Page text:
Did you know new IR35 legislation is arriving in April? Steven Fraser, partner and head of payroll and employment taxes at Anderson Anderson & Brown (AAB), discusses some of the vital points businesses should consider and act upon before the end of 2020.
As we edge closer to April 2021 when the private sector will be hit with new IR35 legislation, pushing responsibilities for contractor assessments and deduction of tax up the contractual chain, it is now time for businesses to dust off their IR35 plans from earlier this year when the original implementation date was April 2020.
Businesses should ensure they have robust procedures in place to deal with the changes and the additional requirements IR35 legislation brings, but they should also ensure internal teams are provided with the appropriate training to apply the legislation going forward.
Over the summer months a vast number of businesses scaled back both their contractor and employee workforce as a result of the impact COVID-19 had on operations but we are now starting to see businesses pick up again with some choosing to engage with contractors rather than taking on the obligations of employees.
While this may seem like an easy option now, it might not be the case early next year when April 2021 rolls round. There are still some questions in the market about what to do, how it is done and who does it.
There are a number of vital points businesses should consider and act on before the end of 2020. Firstly, review your current working practices and arrangements – has the pandemic had an impact on them and blurred the line between employees and contractors?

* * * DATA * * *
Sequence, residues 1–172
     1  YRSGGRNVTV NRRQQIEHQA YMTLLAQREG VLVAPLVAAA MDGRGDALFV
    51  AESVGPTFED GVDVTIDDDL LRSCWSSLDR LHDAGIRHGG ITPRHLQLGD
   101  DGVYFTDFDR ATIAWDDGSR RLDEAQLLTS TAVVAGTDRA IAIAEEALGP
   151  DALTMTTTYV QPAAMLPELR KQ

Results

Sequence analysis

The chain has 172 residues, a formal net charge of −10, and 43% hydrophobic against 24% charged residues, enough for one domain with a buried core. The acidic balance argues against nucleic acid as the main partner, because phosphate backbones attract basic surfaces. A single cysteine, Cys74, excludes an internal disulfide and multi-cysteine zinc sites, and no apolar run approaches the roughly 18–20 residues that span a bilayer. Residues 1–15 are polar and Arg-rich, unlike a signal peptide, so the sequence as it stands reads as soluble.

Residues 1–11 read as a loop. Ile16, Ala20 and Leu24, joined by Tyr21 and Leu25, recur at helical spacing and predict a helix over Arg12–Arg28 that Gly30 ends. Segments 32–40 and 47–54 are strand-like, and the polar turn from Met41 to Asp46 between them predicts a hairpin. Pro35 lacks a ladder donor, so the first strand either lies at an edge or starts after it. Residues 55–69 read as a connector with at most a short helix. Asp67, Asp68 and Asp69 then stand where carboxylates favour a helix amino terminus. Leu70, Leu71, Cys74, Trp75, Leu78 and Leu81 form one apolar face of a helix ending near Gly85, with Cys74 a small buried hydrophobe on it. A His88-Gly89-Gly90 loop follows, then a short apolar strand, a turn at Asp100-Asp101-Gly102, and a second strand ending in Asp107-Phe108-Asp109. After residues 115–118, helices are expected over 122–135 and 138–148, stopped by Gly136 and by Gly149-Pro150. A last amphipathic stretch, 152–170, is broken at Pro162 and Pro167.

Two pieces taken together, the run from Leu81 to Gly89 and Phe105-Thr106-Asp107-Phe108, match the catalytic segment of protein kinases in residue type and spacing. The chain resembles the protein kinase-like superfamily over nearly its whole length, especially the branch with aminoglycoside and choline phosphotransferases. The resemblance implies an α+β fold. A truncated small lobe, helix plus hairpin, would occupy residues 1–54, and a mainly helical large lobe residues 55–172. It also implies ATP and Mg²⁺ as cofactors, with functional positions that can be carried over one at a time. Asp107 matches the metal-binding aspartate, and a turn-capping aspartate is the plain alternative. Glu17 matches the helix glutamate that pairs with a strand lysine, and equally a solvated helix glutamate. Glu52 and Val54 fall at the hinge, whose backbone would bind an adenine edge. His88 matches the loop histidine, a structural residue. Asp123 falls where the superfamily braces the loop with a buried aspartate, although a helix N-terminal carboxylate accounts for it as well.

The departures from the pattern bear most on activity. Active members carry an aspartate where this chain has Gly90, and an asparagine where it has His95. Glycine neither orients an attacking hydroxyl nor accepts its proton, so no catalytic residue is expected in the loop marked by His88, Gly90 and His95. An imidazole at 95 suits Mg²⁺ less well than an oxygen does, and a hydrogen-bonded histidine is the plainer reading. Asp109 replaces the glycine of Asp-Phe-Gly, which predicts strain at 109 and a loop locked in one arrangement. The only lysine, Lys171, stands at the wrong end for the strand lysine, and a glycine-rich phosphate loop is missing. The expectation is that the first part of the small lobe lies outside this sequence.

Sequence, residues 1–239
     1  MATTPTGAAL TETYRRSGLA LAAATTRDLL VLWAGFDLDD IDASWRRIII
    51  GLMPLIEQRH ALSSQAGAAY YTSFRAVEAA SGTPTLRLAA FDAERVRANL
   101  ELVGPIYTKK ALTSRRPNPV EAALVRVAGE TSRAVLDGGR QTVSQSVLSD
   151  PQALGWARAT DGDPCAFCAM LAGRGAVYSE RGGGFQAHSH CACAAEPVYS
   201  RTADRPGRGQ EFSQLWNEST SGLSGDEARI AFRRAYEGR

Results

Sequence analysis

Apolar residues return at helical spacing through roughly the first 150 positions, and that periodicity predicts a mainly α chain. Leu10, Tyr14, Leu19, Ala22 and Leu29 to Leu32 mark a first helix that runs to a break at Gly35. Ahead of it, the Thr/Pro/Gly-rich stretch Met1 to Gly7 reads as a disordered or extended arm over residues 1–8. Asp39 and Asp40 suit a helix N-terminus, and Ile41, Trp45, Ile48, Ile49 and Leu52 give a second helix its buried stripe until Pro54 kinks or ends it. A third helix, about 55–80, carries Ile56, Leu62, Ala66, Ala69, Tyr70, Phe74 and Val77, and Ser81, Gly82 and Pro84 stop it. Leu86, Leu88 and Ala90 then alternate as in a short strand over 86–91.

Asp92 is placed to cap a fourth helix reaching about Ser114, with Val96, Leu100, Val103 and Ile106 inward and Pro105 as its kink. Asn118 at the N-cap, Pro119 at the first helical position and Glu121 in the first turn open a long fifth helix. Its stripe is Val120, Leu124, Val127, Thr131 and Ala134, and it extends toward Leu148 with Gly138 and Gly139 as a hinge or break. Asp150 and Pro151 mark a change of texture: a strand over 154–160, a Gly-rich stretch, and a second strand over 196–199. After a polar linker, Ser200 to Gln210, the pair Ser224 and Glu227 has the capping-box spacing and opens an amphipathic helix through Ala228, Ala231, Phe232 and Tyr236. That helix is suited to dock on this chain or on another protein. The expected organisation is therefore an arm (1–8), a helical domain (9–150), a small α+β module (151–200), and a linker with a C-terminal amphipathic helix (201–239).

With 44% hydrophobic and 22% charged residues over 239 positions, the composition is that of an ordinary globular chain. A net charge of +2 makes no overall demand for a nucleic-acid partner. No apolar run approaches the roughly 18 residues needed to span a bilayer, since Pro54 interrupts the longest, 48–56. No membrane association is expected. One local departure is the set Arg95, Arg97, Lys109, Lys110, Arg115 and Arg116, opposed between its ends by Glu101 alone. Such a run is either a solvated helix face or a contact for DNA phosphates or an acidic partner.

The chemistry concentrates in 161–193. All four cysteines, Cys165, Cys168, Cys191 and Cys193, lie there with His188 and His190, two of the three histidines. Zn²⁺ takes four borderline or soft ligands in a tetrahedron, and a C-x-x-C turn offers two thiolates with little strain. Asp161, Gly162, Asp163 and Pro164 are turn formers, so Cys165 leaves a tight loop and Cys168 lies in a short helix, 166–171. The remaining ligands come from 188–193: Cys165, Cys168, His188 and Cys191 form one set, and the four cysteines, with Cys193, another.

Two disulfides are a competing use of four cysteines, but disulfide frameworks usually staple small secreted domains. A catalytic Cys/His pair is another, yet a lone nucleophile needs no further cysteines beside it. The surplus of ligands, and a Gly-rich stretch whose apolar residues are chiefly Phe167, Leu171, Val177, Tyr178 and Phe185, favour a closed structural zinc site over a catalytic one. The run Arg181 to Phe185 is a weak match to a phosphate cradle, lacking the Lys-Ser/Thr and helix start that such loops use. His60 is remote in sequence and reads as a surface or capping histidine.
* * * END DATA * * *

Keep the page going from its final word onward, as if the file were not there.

Also assess current supply chains to identify responsibilities – can the end user be identified and do they have the relevant information to complete your contractor assessments?
Take time to refresh your internal team’s knowledge of the changes – having a team that can accurately and efficiently apply the changes is the key to success.
Formalise and action the plans for completing assessments – while HMRC say they will stand by their Check Employment Status for Tax (CEST) tool, it can often return an inconclusive result so a back-up must be in place for businesses choosing to use this tool.
In cases where you are the fee payer, roll-out plans for processing inside IR35 contractor payments to ensure the relevant liabilities are paid to HMRC on time. Contractors tend to have 30-day payment periods, however this may need to change to work for payroll.
Finally, assess the business risk under the Corporate Criminal Offence (COO) legislation – are you comfortable that your staff who are dealing with IR35 understand the connection and risk, or, is there a training requirement to support the work required?
While training and development may not jump out as a key action point for the implementation of this legislation, it is key for the success and compliance of all business sizes and types, including where elements of IR35 obligations are outsourced.
Anderson Anderson & Brown’s dedicated team can help identify and implement bespoke IR35 plans and the assist in the delivery of training to staff on the new legislation and the impact across all sizes and types of businesses.
Find out more about how Anderson Anderson & Brown can help your business, here.